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on 22 July 2012
The poet Lachlan Mackinnon, reviewing this book for The Independent 3 June 2011, famously described it as 'twaddle'. A handful of serious reviews available on line disagree with Mackinnon.
Apart from the question of their prose sense, the actual form of the poems - each page an 'altar' with, below it, 'angel wings' drawn from George Herbert - objectifies Hill's 'meanings' and 'purposes', impossible and exasperating though they seem at first to almost everyone. As with difficult music, understanding begins to emerge on rereading, re-listening.
I found a way into Clavics in Hill's more recent 'Odi Barbare', much more approachable, an easier and more immediately rewarding read. Currently (22 July 2012) not available new from Amazon, presumably it soon will be. Meanwhile it is easy and cheap to obtain new direct from the publisher Clutag Press as advertised on line. Again the actual form of the poems is a delight in itself, this time in Sapphics, the verse form favoured by Sappho in Greek and admired and imitated by Catullus in latin: basically three lines of eleven syllables followed by a catch line of five. Hill quotes an example by Sidney as epigraph. The form is also notable in English for 'The Temporary the All', the poem with which Thomas Hardy chose to open his first book of verse, Wessex Poems (1898, when he was 58) first stanza:
Change and chancefulness in my flowering youthtime,
Set me sun by sun near to one unchosen;
Wrought us fellowly, and despite divergence,
Friends interblent us.
Geoffrey Hill is rarely odder than this, one of Hardy's most personal and greatest poems. It may be, or it seems to me, Hill has had Hardy in mind in this Odi Barbare, particularly Hardy's late poems of lost love. This is the second stanza of Hill's fourth poem:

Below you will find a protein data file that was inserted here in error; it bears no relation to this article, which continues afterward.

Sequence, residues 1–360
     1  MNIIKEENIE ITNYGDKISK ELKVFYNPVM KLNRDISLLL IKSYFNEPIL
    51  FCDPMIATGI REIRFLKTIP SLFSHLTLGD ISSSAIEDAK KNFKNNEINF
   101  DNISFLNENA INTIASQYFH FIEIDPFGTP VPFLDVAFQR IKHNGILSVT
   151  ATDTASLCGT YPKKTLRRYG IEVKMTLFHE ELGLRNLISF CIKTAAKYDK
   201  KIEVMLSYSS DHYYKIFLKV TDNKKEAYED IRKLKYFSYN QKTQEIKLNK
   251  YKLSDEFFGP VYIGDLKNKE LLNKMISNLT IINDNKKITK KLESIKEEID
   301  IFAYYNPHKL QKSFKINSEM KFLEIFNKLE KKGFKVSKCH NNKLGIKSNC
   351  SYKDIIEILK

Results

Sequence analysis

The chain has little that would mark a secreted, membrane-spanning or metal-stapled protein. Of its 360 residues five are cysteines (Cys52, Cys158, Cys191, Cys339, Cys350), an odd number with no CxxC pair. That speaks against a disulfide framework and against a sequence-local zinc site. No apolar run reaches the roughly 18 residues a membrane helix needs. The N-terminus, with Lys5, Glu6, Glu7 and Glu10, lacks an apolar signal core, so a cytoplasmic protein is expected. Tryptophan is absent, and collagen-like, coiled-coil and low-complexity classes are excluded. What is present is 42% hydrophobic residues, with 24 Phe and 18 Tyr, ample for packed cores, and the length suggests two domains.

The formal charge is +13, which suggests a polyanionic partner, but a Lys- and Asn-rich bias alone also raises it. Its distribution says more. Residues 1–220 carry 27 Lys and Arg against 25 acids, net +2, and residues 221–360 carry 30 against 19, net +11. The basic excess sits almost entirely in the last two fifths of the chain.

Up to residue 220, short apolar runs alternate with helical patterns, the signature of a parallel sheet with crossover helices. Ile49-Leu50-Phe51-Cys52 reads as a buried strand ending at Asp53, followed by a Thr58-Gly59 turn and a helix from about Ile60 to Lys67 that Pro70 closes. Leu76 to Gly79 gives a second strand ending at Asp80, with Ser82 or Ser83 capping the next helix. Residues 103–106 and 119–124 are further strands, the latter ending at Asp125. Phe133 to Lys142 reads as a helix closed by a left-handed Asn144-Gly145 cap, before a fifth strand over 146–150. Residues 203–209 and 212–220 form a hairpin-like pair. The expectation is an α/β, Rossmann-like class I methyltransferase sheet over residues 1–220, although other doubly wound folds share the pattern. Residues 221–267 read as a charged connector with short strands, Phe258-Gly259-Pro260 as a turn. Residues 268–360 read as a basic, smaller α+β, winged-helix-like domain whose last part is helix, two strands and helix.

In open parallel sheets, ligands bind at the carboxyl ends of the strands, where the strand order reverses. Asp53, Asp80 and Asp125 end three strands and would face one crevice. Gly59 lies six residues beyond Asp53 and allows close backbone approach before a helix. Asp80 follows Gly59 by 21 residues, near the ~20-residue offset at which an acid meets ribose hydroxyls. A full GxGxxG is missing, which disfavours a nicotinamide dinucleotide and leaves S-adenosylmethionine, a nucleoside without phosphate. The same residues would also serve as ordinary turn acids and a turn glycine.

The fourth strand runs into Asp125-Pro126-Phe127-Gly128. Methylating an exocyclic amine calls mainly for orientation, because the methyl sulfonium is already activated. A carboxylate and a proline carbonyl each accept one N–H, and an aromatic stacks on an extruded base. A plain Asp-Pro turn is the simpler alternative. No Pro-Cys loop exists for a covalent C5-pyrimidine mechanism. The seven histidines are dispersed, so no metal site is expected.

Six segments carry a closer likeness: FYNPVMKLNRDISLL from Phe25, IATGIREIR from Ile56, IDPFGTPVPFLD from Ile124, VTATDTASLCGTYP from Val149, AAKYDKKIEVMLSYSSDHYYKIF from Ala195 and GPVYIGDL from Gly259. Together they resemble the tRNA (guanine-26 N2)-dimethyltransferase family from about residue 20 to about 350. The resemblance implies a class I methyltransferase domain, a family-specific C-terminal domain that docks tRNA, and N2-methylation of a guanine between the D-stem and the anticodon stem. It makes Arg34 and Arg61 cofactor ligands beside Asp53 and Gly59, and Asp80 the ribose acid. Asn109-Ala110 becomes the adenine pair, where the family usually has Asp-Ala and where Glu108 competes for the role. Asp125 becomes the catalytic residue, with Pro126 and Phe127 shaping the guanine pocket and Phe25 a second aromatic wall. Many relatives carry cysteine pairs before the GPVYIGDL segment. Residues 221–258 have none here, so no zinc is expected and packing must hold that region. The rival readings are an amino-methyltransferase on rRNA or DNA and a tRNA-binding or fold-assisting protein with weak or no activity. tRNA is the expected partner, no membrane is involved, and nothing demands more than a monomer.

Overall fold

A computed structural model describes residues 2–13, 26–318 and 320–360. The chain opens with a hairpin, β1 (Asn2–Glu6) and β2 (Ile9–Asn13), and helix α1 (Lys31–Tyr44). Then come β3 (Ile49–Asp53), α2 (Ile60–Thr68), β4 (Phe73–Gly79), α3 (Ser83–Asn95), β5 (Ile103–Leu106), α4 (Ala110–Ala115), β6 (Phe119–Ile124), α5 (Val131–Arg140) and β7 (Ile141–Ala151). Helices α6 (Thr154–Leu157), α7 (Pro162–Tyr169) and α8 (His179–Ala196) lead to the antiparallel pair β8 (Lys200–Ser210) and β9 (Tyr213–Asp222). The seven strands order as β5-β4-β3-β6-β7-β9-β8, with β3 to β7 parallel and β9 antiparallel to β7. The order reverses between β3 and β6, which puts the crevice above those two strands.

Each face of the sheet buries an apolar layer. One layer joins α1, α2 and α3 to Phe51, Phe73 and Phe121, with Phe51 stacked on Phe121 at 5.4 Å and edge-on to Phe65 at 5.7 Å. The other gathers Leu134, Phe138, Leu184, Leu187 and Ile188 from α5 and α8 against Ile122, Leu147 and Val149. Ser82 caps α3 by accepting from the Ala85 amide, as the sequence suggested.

How the sea-lightning with a flash at hazard
Cleft the lanterned yard into pelting angles
Had we been there, had you turned towards me,
By this remembered...

the love theme, of many, develops through the collection: first stanza Poem 28
Broken that first kiss by the race to shelter,
Scratchy brisk rain irritable as tinder
Hearing light thrum faintly the chords of laurel
Taller than we were.

The excellence of Odi Barbare should mean that it sells out quickly. Best buy it in hard cover first edition while it is a bargain! I had decided against buying Clavics when it came out in 2011. This new book made me revise my opinion. I have now bought it from Amazon, delighted with it. Difficult certainly, but there are ways in, deeply rewarded.
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on 27 November 2011
This beautifully produced volume is hard going but repays the effort. It's written in a form used by the metaphysical poet George Herbert and references the English civil war. It's fiersomely clever, dense and passionate. Hill's status as a great poet hardly needs confirming, but in case you were wondering this volume provides solid evidence of his stature.
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